Well, let us start at the beginning and firstly discuss what SignalR is.

SignalR is a newish Microsoft technology that enables us to build real-time applications, where clients can push data to the server, and the server can push data to all clients.

It works with the new HTML5 WebSockets API that enables bi-directional communication between clients (desktop applications, as well as browsers) and server. If WebSockets are not available, it gracefully falls back onto other technologies, without any changes in code. It also builds on OWIN (Open Web Interface for .NET)

This makes it very useful to build real-time applications, such as chat applications, monitor dashboards etc.

The aim of this blog post is show how we can achieve this real-time communication between a server, and a desktop application. For the people starting to feel anxious, rest assured, this is not as complicated as it might sound. If you follow the steps below, you will see it isn’t such a daunting task at all.

Let us break the explanation down to the following steps:

Creating the SignalR Hub

One of the most important things to understand when implementing SignalR, is that at the center of it all, is what we call a “Hub”. This hub is what enables communication between the server and clients.

Before we create a sample hub, we first need to decide how we want to host the hub. There are various options when it comes to hosting a SignalR hub, all with each own advantages and disadvantages.

Some of the hub-hosting options available to us are:

  • Self-hosting
  • IIS-hosting
  • Windows service-hosting

The service-hosting options for example is a good choice if you need the hub to always be on, and it can for example be restarted automatically when the machine restarts.

To keep things simple for this post I am going to make use of the self-hosting option, and we are going to host the SignalR hub inside a simple console application.

So lets get started:

  • Open Visual Studio, and create a new Console application
  • We will need to install some Nuget packages onto this application. You can do this through the GUI, or by running the following commands in the Package Manager Console:

Install-Package Microsoft.AspNet.SignalR.SelfHost

Install-Package Microsoft.Owin.Cors

Next let us create the hub itself:

  • Create a new public class and call it something like TestHub
  • Let TestHub inherit from Hub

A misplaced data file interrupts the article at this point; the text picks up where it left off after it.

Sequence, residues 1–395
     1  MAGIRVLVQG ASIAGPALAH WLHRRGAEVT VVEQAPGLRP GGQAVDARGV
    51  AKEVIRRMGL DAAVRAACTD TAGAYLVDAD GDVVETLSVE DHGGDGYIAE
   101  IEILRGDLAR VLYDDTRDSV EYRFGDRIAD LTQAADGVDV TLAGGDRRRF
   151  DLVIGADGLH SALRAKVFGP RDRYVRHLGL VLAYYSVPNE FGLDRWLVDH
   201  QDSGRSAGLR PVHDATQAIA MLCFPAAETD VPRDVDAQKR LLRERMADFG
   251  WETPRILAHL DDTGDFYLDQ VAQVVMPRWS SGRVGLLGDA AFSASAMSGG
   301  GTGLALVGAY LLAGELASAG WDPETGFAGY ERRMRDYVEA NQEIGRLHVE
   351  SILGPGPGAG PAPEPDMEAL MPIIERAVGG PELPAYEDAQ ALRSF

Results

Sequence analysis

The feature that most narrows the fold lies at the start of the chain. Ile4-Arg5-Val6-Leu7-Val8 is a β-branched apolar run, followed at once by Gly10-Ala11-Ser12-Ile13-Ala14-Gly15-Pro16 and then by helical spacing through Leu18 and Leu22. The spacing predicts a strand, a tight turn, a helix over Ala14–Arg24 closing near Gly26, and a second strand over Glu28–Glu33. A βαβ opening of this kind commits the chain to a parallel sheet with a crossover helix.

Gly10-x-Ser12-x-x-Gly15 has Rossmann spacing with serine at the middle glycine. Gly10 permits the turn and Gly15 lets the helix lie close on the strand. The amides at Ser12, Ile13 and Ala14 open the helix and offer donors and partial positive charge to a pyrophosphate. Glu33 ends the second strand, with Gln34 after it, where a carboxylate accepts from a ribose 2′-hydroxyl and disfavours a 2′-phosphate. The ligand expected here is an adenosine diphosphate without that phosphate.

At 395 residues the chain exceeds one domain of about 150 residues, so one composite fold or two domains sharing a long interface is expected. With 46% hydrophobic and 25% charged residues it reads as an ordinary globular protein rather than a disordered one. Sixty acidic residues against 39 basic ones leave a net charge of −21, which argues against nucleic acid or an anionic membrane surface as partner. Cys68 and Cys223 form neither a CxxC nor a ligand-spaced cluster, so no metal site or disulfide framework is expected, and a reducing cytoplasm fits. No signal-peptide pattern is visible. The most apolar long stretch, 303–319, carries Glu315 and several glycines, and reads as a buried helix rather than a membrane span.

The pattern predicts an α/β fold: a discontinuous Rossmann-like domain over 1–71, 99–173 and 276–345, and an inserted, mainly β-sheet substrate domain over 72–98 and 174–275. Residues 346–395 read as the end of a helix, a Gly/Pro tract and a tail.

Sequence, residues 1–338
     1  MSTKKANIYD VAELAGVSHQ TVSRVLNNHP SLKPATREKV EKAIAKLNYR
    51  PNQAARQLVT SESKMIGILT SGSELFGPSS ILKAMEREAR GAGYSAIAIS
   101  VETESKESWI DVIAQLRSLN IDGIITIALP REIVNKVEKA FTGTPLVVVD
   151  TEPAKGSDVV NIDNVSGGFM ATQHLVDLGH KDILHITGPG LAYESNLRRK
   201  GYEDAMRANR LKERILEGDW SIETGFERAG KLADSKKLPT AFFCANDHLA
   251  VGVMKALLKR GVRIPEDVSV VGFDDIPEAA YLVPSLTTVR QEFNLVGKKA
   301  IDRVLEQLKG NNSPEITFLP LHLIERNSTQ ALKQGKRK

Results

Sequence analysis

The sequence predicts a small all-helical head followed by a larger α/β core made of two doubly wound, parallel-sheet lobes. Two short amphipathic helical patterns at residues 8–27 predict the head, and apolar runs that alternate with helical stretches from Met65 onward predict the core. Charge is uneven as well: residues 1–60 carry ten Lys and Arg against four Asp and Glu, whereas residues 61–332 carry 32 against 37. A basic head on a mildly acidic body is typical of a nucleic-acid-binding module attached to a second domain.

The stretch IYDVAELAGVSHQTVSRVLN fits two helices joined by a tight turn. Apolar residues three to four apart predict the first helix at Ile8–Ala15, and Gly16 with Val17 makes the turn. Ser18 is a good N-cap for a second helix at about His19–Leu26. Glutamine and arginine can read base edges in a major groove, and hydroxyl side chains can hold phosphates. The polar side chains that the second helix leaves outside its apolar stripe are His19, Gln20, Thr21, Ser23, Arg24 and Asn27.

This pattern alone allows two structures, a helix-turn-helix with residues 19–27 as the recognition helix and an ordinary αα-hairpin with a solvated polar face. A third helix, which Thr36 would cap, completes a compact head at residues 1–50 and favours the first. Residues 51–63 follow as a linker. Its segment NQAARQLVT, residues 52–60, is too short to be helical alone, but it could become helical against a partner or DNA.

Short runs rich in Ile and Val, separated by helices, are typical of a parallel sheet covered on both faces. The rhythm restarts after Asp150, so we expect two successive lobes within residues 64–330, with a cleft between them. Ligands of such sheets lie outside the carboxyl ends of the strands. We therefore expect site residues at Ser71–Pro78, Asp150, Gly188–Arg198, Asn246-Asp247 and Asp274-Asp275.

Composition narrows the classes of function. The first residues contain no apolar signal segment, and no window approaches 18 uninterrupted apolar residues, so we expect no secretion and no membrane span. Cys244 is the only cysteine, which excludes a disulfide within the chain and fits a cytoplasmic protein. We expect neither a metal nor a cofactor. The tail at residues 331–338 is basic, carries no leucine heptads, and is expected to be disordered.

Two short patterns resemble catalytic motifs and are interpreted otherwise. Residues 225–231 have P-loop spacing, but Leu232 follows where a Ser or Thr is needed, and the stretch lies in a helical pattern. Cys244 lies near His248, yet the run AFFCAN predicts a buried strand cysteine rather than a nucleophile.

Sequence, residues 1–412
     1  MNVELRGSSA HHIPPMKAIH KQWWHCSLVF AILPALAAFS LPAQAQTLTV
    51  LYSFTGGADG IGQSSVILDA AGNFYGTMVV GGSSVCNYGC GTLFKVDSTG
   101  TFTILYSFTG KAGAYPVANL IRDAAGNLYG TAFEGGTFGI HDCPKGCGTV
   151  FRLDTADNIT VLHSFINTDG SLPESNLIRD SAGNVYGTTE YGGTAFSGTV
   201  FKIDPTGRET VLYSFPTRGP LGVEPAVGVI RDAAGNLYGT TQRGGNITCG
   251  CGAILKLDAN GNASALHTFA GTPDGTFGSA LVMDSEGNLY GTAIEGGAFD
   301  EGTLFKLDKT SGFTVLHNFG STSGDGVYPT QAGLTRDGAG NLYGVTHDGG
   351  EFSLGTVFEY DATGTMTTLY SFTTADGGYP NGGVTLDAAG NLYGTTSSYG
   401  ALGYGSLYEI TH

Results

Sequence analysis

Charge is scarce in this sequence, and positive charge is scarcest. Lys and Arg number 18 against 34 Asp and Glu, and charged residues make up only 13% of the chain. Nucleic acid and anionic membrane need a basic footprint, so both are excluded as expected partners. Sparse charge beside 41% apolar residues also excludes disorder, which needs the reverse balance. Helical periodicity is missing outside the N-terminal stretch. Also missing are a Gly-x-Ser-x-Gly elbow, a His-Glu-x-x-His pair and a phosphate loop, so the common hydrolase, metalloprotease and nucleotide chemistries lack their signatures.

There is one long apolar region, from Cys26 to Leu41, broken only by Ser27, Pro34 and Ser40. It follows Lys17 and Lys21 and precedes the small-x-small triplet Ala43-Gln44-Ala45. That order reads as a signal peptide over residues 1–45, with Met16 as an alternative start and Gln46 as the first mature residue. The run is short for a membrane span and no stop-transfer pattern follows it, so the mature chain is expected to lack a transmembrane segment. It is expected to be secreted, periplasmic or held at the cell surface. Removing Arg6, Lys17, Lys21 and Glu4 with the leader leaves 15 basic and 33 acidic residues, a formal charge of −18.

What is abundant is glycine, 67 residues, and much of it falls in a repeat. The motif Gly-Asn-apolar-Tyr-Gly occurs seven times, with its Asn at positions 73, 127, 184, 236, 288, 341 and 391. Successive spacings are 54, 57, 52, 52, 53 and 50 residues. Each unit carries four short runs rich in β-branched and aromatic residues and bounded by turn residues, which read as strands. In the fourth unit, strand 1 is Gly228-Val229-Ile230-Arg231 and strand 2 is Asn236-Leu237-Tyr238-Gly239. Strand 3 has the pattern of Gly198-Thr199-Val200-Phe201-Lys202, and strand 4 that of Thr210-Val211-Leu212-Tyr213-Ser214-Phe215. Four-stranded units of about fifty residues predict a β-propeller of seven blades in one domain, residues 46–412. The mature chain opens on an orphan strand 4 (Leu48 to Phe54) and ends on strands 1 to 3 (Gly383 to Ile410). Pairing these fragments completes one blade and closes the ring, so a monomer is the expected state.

• You can optionally give the Hub a new name by slapping a HubName attribute on the class, like so:

At the moment the hub has no functionality yet, but let us start by seeing how easy it is to start up the hub when the console application is started.

Create a new class called Startup, or whatever you like and add the following code to it:

public void Configuration(IAppBuilder app)

This simply enables the hub to communicate cross-domain, and correctly maps all the SignalR hubs in the application for us.

Next step is to add the call in the application’s entry point to create new hub for us and can easily be done with the following code (note Startup in the following code refers to the class we just created):

static void Main(string[] args)
	string url = @"http://localhost:8080/";
	using (WebApp.Start<Startup>(url))
		Console.WriteLine(string.Format("Server running at {0}", url));

That is all we need to do to create a SignalR hub.

You can test that everything is working as expected by running the application and browsing to the following URL in your browser. If it is working, you will see a bunch of SignalR related code.


So far, so good? Easy, right? :)

Let us now move on to the desktop application.

Creating the Desktop Client

For this post I am going to be using another console application, but you can use Winforms, WPF, or whatever your heart desire, keeping in mind that this tutorial focuses on getting desktop applications to work with SignalR. Web applications also works greate with SignalR, but will not be covered in this post.

First, we will need to install the SignalR client Nuget package onto the client project. As with the Hub, this can be done either via the GUI, or the Package Manager Console. The commands for the console are given below:

Install-Package Microsoft.AspNet.SignalR.Client